Personally, I think Sony are in the most danger here, and not just because of their financial situation. They managed to turn PS3 around, sure, but after nearly 12 months of miserable performance for Vita, there's no visible rescue plan in sight. There's no acknowledgement that a premium portable device can't be a mainstream success: just ask Nintendo. They launched 3DS at a premium price point, without enough features or software, and were rapidly punished for it. Unlike Sony, Nintendo responded after three months and have clearly upped their game since then. 3DS's sales have lifted in every market, though it's clear by Nintendo's own admission and by this week's announcement of the first simultaneous global Pokemon release, that they still have work to do. Whereas Nintendo maneuvered quickly in the face of failure, it took Sony several months to acknowledge that Vita was under-performing. That's not a good sign when the market is changing more quickly and in bigger ways than ever before, and it honestly worries me that a brand once synonymous with console gaming, could be on the way out.

"a software platform and a set of specifications, running across a variety of hardware from different manufacturers - or, less commonly, Apple with iOS, a software platform and a much tighter set of specifications, running across a variety of devices from the same manufacturer."

Quite likely this is what Microsoft are aiming for with Windows 8, their tablet and smartphone drive, and the next Xbox. A more expensive (paid for through subscriptions), dedicated device, and a smaller, cheaper box, to go on sale with many of the same games and media as their tablet and smartphone devices, not to mention the same OS. That's hardly a new thought, though.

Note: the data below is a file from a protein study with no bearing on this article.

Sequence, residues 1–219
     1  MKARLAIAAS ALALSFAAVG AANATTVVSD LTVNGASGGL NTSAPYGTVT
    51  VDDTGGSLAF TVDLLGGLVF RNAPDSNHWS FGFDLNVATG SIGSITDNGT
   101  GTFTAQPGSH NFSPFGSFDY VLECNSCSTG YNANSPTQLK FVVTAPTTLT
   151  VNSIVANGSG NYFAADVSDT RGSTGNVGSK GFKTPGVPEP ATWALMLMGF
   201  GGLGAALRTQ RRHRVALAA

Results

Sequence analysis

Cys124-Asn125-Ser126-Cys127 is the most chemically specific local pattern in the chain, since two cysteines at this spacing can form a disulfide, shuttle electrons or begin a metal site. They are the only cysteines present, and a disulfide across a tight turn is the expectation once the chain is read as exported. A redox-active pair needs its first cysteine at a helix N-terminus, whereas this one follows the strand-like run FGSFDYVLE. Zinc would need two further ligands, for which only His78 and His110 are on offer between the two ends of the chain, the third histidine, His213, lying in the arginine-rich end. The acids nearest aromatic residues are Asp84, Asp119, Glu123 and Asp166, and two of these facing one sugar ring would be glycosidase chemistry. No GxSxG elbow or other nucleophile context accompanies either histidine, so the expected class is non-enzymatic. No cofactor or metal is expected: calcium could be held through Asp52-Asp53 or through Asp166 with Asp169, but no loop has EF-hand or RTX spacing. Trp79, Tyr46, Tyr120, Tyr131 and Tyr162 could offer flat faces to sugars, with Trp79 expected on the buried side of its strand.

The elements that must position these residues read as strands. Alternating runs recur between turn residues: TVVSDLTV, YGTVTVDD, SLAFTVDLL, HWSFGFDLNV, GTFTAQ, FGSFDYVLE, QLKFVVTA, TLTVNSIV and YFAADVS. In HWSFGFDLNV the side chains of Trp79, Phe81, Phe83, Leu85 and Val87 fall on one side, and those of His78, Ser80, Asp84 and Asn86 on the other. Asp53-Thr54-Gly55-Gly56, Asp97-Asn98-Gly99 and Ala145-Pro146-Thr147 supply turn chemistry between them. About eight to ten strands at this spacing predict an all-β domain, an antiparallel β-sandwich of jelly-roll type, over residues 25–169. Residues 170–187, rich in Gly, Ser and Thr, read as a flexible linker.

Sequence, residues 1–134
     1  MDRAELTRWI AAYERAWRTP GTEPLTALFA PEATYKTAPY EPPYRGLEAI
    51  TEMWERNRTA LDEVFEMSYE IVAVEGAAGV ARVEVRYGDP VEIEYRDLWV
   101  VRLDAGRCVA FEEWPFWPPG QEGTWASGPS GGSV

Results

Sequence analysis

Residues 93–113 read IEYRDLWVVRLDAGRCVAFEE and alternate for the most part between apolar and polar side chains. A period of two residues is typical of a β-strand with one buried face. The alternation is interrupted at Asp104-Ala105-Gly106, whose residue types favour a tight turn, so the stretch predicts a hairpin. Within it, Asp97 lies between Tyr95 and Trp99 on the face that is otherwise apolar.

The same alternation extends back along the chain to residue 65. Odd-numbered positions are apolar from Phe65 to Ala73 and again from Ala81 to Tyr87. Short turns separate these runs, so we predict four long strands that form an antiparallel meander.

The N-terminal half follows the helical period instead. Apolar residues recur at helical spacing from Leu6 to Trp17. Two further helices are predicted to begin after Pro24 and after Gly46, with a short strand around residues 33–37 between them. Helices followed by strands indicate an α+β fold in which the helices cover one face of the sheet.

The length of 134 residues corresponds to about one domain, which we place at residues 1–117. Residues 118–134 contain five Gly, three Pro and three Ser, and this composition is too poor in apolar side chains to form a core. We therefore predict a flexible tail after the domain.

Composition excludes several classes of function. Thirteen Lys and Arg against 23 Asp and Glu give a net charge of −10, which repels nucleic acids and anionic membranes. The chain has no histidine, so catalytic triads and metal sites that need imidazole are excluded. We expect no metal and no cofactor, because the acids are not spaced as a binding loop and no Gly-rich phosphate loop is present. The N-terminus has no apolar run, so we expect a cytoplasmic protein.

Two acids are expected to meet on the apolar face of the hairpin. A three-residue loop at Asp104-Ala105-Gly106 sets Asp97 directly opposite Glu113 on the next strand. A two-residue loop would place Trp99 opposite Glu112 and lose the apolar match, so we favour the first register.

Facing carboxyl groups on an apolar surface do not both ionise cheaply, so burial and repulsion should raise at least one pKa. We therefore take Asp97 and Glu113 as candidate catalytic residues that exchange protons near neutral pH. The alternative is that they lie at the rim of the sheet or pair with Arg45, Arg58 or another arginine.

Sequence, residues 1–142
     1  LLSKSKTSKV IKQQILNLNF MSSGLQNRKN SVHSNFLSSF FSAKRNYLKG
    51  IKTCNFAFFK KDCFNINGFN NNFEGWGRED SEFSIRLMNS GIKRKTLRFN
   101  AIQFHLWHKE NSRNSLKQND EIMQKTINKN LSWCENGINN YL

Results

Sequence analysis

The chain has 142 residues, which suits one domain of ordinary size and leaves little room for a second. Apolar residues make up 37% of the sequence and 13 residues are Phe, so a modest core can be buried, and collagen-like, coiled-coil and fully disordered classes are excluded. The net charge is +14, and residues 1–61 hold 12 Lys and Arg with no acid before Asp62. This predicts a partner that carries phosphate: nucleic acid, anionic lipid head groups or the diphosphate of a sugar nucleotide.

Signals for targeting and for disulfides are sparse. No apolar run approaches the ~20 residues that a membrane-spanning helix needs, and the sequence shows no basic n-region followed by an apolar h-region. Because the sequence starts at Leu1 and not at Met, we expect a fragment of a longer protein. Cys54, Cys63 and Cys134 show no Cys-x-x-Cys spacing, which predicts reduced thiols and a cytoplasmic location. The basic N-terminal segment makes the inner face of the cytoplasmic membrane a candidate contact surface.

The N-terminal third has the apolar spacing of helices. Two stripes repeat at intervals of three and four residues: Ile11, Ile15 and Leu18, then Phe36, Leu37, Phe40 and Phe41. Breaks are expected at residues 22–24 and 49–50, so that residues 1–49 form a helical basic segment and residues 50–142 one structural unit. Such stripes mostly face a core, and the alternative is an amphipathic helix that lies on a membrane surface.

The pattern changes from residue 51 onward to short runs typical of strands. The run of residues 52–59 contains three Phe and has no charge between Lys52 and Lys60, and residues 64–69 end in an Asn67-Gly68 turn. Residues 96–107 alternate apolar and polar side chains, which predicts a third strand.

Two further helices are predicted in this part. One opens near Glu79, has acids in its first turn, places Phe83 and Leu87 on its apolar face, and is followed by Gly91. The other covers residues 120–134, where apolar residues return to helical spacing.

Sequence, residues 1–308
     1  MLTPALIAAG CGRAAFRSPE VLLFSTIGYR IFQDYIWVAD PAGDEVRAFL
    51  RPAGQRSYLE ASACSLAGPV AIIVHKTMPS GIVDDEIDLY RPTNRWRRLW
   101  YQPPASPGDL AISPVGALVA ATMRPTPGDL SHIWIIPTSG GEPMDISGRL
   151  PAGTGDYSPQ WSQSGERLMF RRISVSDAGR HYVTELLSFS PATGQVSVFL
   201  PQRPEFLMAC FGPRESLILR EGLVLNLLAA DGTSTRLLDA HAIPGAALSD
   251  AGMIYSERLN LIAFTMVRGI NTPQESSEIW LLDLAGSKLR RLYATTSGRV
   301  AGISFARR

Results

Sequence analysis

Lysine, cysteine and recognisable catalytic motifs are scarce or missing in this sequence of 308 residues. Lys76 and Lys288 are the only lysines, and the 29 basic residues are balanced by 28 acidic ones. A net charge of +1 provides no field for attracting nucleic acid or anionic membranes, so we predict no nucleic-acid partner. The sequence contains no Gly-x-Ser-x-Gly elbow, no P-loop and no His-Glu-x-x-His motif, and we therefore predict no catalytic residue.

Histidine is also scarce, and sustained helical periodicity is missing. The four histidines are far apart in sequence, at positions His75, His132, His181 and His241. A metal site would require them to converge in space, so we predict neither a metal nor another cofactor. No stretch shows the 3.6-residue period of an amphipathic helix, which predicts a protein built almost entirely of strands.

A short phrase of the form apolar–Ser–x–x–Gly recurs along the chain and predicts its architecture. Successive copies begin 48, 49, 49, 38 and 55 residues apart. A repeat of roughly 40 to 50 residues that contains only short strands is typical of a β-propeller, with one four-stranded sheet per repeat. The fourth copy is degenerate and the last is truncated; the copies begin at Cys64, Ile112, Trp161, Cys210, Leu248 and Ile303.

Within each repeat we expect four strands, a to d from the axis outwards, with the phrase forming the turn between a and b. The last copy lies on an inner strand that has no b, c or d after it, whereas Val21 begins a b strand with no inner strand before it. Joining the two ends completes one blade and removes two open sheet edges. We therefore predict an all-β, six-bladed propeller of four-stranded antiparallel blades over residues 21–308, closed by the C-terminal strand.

As for Nintendo, as I said, they turned themselves around with 3DS, and have got off to a decent start with Wii U. I still think there are serious question marks around them, but unlike many, I think their short-term future is relatively solid. Even with the industry in a state of upheaval, I think Nintendo will manage to sell their systems and sell a lot of disc and cartridge based software (not at DS/Wii levels, but still at significant levels) in the next few years, and build install bases in the tens of millions. In the long-term, though, will a paradoxically conservative company (when it comes to business practices) be able to adapt? I'm firmly in the "don't bet against Nintendo" camp, but they're in serious danger of becoming a smaller and smaller player, as they did during the late 90s and early 00s, when they failed to keep up with the pace of change and offer substantial home console alternatives to everything else on the market. Hopefully last month's sale of 500,000 digital copies of Animal Crossing, and continuing under-performing sales of retail software on 3DS, will make them realise that a more digital friendly, flexibly priced path is the way to move forward in the near future, and a way to ensure continuing relevance and success in the long-term future. A cross-platform (even tablet/smartphone enabled) Virtual Console would be a great start, and Miiverse is a tantalising start for a gaming dedicated social network, and dare I say it, baby steps for a cross-platform Nintendo OS: it's coming to 3DS, PC and smartphones, remember. Apple have proven that a big enough, flexible enough walled garden can be a tremendous success, but do Microsoft and Nintendo have the vision and the adaptability to realise and recreate this?